OUT OF THE ASHES

CON­SER­VA­TORS AT THE NA­TIONAL LI­BRARY OF SCOT­LAND HAVE PAINSTAK­INGLY RE­STORED A RARE 17TH CEN­TURY MAP OF THE WORLD THAT WAS DIS­COV­ERED UP A CHIM­NEY IN AN ABERDEEN HOUSE

SCOTS Heritage Magazine - - Contents -

The rare 17th cen­tury world map dis­cov­ered in an Aberdeen chim­ney

At first glance it looked like a bun­dle of rags, scrunched up into a ball, en­crusted with dirt and eaten by in­sects. It had been stuffed up a chim­ney as a makeshift draft ex­cluder and was dis­cov­ered dur­ing the ren­o­va­tion of a house in Aberdeen.

But when con­ser­va­tion staff at the Na­tional Li­brary of Scot­land took a closer look, they dis­cov­ered that the bun­dle of rags was in fact a rare, late 17th cen­tury map by the cel­e­brated Dutch en­graver Ger­ald Valck and pub­lished by Lon­don map­maker Ge­orge Wildey. Thought to date to around 1690, the large 2.2m x 1.6m wide map fea­tures im­ages of Wil­liam III and his wife Queen Mary II, the joint mon­archs of Eng­land, Scot­land and Ire­land.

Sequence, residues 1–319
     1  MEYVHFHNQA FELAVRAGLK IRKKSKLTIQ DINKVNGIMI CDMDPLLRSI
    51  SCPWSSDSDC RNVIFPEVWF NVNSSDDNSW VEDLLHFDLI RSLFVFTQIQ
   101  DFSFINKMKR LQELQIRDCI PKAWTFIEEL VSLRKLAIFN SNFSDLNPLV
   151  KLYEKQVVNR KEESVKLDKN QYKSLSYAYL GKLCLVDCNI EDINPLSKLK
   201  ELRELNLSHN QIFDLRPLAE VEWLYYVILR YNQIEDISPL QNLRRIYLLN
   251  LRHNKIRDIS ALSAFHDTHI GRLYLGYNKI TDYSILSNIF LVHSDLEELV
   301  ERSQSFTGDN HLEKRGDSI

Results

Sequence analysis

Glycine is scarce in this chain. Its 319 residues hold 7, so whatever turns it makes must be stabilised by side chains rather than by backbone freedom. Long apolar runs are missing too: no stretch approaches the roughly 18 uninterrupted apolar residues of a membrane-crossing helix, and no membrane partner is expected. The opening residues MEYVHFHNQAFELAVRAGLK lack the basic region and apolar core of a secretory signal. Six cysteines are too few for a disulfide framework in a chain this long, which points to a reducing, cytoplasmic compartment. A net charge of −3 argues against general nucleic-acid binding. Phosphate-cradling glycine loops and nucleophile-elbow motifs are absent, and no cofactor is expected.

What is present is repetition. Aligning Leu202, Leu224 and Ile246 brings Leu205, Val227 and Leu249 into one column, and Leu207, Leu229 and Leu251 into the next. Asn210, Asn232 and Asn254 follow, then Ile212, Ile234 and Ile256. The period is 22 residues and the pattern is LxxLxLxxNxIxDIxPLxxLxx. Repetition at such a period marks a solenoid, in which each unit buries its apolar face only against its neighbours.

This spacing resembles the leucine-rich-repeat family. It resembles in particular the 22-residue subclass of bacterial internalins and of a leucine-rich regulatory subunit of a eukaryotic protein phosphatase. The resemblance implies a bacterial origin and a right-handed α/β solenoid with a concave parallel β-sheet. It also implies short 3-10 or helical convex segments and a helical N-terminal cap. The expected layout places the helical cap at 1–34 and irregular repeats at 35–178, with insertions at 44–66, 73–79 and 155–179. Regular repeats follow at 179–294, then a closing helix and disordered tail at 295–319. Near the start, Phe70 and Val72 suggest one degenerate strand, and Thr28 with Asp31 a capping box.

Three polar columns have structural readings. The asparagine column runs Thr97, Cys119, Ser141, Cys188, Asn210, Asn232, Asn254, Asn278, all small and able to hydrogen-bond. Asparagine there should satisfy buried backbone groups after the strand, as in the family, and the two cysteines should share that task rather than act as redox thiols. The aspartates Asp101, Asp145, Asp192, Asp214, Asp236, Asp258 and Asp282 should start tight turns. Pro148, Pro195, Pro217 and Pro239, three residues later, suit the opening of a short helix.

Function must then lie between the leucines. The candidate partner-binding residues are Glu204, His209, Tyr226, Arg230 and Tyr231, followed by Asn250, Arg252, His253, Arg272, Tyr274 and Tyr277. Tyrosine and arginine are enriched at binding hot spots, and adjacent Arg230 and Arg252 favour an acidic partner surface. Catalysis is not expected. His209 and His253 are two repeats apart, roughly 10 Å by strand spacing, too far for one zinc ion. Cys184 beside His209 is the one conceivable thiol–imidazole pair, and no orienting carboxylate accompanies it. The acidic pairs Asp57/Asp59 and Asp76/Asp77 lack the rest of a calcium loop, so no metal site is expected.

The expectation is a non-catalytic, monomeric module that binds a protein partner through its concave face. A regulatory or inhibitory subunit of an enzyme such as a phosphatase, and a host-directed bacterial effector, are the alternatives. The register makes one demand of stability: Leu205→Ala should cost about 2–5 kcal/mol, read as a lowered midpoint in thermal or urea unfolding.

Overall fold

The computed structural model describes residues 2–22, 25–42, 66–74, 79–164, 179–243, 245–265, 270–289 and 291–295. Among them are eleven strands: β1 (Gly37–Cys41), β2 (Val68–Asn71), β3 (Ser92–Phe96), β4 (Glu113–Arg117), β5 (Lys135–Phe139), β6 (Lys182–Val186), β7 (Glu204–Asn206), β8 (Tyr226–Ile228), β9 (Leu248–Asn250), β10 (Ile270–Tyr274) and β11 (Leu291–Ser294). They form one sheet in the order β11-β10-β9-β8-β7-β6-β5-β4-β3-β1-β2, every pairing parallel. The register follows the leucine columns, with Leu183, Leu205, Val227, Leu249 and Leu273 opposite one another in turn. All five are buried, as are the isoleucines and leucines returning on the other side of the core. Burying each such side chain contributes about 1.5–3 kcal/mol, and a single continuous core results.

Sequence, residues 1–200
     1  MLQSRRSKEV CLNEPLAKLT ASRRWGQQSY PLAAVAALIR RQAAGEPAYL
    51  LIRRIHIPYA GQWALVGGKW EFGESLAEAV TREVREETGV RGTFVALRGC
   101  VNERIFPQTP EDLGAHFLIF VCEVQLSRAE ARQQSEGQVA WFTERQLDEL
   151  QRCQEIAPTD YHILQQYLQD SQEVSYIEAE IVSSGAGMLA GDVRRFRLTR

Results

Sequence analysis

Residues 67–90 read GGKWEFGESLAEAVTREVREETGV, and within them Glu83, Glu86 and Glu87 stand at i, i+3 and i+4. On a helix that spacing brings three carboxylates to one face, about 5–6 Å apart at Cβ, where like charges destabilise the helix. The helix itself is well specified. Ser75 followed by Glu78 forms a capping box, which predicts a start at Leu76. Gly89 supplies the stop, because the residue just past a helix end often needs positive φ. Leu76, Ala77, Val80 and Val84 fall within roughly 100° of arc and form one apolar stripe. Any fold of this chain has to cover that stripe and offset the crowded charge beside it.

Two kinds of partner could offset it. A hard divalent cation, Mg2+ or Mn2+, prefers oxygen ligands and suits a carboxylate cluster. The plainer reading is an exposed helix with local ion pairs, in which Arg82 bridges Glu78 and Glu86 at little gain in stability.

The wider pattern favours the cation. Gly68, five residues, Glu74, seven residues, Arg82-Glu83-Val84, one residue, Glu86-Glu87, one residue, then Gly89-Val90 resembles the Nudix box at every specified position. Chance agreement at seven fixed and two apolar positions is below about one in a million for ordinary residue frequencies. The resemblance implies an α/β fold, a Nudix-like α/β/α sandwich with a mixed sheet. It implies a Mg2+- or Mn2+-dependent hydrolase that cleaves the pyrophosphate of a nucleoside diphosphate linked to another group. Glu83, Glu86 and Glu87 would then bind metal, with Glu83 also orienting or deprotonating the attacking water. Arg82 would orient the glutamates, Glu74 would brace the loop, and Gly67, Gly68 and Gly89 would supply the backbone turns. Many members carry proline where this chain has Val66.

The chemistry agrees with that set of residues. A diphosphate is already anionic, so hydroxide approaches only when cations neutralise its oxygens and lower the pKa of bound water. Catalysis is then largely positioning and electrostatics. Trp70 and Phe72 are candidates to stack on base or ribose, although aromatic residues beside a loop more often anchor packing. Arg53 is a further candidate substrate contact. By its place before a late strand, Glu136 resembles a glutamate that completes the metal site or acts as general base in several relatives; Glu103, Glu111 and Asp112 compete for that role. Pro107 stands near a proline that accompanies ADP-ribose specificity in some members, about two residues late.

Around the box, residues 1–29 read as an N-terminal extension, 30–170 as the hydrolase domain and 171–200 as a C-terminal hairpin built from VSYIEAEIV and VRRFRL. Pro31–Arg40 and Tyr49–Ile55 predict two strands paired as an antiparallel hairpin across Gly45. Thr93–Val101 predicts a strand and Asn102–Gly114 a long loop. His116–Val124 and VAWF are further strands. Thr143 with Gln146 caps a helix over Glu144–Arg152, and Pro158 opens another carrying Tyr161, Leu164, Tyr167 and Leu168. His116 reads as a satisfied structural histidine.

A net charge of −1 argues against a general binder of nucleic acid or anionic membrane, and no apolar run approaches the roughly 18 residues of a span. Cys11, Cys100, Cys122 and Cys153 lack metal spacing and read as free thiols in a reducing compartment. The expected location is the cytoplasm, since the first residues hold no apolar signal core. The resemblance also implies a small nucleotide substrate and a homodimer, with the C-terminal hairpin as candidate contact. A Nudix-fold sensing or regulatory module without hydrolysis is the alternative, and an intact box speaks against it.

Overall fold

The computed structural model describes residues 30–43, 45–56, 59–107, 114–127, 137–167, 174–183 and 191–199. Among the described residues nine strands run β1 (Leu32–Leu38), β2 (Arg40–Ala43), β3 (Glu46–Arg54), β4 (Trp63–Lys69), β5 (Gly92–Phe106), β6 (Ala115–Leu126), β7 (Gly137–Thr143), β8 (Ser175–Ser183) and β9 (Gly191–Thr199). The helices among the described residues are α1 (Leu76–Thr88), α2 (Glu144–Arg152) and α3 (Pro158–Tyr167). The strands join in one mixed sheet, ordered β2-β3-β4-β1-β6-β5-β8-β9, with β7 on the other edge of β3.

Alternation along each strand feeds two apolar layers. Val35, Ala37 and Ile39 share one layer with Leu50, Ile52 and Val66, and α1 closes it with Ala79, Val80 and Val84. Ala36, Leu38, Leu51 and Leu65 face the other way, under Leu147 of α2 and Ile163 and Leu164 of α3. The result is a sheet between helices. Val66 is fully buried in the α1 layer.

There are only two known copies of the map in the world. A sim­i­lar map from the same pe­riod can be seen in the fa­mous paint­ing by Ver­meer, Painter in his Stu­dio. This one was likely to have been owned by some­one of im­por­tance and would have been hung on a wall for vis­i­tors to ad­mire.

The owner re­mains a mys­tery, as does the iden­tity of the per­son who de­liv­ered the map to the mu­seum in a poly bag. www.nls.uk

They dis­cov­ered that the bun­dle of rags was in fact a rare, late 17th cen­tury map

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